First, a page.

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[?] Szczepanowska

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Published : 2 Articles
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Date of Birth : N/A
Death : N/A
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Szczepanowska, Mme. I Mad. Sczszpanowska, Madm. Schszepanowska l. Not identified. The Office Book recordings of the contributor's name are obviously mistranscriptions of "Szczepanowska." According to the annual reports of the London Literary Association of the Friends of Poland, the number of Polish refugees in England during various years of the 1840S and 1850S ranged from 460 to about 1000. Mme. Szczepanowska was obviously one of these refugees. In her first H.W. contribution ["The Serf of Pobereze", I, 342–50. July 6, 1850] she mentioned having travelled in Poland "last year"; she was apparently in England at the time of contributing the item, as indicated by the Office Book notation that cash was "handed over" by Wills;" she was probably in England also at the time of contributing her second item, which was paid for by post-office order. Her name does not appear in reference works on Polish writers.

      One refugee of the writer's name was Lieut. Ignatius Szczepanowski, a well-educated man who in 1839 served as resident secretary to the London Literary Association of the Friends of Poland and in the 1840S worked as a teacher in Ipswich (Report of the Proceedings, 1839, 1843). Dickens was for a time a member of the Literary Association.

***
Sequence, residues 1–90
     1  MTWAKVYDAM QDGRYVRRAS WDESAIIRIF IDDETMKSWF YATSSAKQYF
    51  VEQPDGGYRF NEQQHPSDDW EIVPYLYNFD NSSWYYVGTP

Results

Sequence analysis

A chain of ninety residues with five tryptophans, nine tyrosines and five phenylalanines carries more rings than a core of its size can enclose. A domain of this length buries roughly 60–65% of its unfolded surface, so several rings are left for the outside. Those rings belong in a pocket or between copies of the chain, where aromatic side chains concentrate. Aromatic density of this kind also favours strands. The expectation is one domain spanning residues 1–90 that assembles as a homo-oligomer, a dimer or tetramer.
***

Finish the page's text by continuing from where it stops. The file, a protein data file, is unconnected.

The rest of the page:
The first item, assigned in the Office Book jointly to the contributor and Wills, is marked in addition "Re-written by W.H.W." It is the story of a Polish peasant girl who became a prima donna. It was reprinted in the International Magazine and included in Choice Stories from Dickens' Household Words, pub. Auburn, N.Y., 1854. The second item ["Barbara's Nuptials", IX, 488–92. July 8, 1854] is an account of the betrothal and wedding, in 1759, of the daughter of an ancient Polish family, Barbara Krasinska, recorded from the diary of Barbara's sister. In his Life of Adventure (I, 6), Otto von Corvin, a descendant of the Corvin-Krasinskis, mentioned the publication in H.W. of the "very interesting extract" from the sister's diary.

Author: Anne Lohrli; © University of Toronto Press, 1971

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